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Published on BioPortfolio: 2014-11-03T00:17:24-0500
Protein energy wasting is an independent factor associated with morbi-mortality in chronic kidney disease. Wasting is particularly common in chronic diseases of organs such as kidney disea...
The purpose of this study is to learn more about how the kidneys control the blood levels of phosphorus in patients with early chronic kidney disease. The ultimate goal is to use this inf...
The purpose of this study is to verify the efficacy of diuretic therapy on blood pressure control and left ventricular mass in patients affected by chronic kidney disease
A Phase II, Open-Label Safety and Efficacy Study of an Autologous Neo-Kidney Augment (NKA) in Patients With Type 2 Diabetes and Chronic Kidney Disease (RMTX-CL001). NKA is made from expand...
The objective of this long-term study is to prospectively compare the incidence of NSF in two cohorts (Cohort 1 - patients with moderate chronic kidney disease eGFR 30 to 59 and Cohort 2 -...
Chronic kidney disease is a global health problem that affects over 10% of adults worldwide. All doctors should have a basic knowledge of chronic kidney disease because it may complicate the managemen...
Chronic kidney disease (CKD) is a worldwide public health problem. Regardless of the underlying primary disease, CKD tends to progress to end-stage kidney disease, resulting in unsatisfactory and cost...
Chronic kidney disease is associated with metabolic disorders. The nutrient requirement varies considerably and often it is not covered. This is why many patients experience severe deficiencies ("kidn...
Hepatitis C infection in patients with chronic kidney disease or kidney transplant carries higher morbidity and mortality compared to noninfected patients. Historically, patients with advanced kidney ...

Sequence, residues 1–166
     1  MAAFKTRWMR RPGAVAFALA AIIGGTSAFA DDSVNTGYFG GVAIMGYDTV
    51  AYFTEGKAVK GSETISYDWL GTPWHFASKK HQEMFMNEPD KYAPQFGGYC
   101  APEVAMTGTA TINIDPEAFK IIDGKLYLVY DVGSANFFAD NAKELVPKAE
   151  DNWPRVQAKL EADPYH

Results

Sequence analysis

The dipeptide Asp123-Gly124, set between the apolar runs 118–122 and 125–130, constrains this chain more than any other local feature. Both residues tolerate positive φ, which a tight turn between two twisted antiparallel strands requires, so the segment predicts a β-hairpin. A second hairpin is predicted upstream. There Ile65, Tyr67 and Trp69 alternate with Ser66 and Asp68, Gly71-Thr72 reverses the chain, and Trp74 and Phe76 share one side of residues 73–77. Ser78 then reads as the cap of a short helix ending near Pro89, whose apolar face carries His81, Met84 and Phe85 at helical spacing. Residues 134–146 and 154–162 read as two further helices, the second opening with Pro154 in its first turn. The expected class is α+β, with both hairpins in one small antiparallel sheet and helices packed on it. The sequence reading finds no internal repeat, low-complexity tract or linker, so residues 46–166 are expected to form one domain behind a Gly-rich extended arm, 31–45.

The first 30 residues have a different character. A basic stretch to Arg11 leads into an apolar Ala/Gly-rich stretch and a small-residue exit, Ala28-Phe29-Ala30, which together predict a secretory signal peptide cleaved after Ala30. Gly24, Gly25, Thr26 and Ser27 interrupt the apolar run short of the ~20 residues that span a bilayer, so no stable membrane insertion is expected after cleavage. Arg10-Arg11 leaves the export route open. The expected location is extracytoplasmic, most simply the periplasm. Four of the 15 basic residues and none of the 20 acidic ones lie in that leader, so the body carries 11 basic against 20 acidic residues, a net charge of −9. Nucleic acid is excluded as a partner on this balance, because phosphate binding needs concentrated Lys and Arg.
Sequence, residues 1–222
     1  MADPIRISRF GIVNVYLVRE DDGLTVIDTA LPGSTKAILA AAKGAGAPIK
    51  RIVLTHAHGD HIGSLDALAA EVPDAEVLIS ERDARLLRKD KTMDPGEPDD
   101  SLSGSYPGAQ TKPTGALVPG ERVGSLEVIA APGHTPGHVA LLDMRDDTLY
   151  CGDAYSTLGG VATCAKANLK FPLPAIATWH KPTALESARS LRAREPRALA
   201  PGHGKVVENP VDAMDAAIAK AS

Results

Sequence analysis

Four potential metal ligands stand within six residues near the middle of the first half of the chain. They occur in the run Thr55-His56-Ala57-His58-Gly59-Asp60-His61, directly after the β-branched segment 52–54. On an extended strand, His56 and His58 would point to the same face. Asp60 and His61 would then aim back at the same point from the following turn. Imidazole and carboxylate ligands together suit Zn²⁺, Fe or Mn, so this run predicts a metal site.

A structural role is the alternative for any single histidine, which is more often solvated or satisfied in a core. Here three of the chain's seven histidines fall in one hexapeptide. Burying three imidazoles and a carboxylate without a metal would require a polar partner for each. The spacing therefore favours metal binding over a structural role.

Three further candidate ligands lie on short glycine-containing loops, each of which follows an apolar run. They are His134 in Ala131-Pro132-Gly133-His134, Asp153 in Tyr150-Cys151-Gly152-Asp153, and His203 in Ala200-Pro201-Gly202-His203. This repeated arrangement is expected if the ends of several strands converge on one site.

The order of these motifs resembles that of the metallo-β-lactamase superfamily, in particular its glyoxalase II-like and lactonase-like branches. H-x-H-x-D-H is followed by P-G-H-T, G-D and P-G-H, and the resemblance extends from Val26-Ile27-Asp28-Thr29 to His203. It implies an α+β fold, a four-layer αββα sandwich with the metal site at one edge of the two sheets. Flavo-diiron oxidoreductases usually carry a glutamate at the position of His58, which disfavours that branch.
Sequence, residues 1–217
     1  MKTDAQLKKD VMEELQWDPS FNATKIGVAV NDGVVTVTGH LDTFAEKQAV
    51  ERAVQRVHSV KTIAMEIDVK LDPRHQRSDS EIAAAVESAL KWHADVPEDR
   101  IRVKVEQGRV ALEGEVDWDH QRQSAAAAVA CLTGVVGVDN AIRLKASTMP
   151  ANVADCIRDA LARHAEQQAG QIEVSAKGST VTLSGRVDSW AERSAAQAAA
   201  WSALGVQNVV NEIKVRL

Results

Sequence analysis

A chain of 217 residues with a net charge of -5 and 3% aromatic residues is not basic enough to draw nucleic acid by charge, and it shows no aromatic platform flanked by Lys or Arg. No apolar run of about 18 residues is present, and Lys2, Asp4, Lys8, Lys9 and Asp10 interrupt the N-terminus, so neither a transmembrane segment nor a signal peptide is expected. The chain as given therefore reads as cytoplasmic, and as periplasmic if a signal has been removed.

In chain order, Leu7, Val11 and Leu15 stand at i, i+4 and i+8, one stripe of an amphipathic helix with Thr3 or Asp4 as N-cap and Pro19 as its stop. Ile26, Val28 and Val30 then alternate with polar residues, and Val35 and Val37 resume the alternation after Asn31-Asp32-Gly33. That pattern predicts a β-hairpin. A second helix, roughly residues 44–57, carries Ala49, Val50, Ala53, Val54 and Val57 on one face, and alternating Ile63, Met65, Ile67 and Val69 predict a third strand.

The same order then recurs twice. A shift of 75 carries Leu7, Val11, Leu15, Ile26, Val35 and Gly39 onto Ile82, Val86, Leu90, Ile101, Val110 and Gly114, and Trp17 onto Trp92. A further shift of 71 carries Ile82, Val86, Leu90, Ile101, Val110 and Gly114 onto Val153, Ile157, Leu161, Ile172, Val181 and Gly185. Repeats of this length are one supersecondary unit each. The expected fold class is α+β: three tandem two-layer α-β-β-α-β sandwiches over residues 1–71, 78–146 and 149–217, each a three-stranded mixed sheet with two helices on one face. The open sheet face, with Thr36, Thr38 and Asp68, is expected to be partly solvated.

Sarcopenia, the age-related loss of muscle mass and function, frequently accompanies chronic kidney disease. The aim of this study was to clarify the prevalence and the risk factors for sarcopenia amo...
Conditions in which the KIDNEYS perform below the normal level for more than three months. Chronic kidney insufficiency is classified by five stages according to the decline in GLOMERULAR FILTRATION RATE and the degree of kidney damage (as measured by the level of PROTEINURIA). The most severe form is the end-stage renal disease (CHRONIC KIDNEY FAILURE). (Kidney Foundation: Kidney Disease Outcome Quality Initiative, 2002)
The end-stage of CHRONIC RENAL INSUFFICIENCY. It is characterized by the severe irreversible kidney damage (as measured by the level of PROTEINURIA) and the reduction in GLOMERULAR FILTRATION RATE to less than 15 ml per min (Kidney Foundation: Kidney Disease Outcome Quality Initiative, 2002). These patients generally require HEMODIALYSIS or KIDNEY TRANSPLANTATION.
Decalcification of bone or abnormal bone development due to chronic KIDNEY DISEASES, in which 1,25-DIHYDROXYVITAMIN D3 synthesis by the kidneys is impaired, leading to reduced negative feedback on PARATHYROID HORMONE. The resulting SECONDARY HYPERPARATHYROIDISM eventually leads to bone disorders.
Abnormal enlargement or swelling of a KIDNEY due to dilation of the KIDNEY CALICES and the KIDNEY PELVIS. It is often associated with obstruction of the URETER or chronic kidney diseases that prevents normal drainage of urine into the URINARY BLADDER.
A severe irreversible decline in the ability of kidneys to remove wastes, concentrate URINE, and maintain ELECTROLYTE BALANCE; BLOOD PRESSURE; and CALCIUM metabolism. Renal failure, either acute (KIDNEY FAILURE, ACUTE) or chronic (KIDNEY FAILURE, CHRONIC), requires HEMODIALYSIS.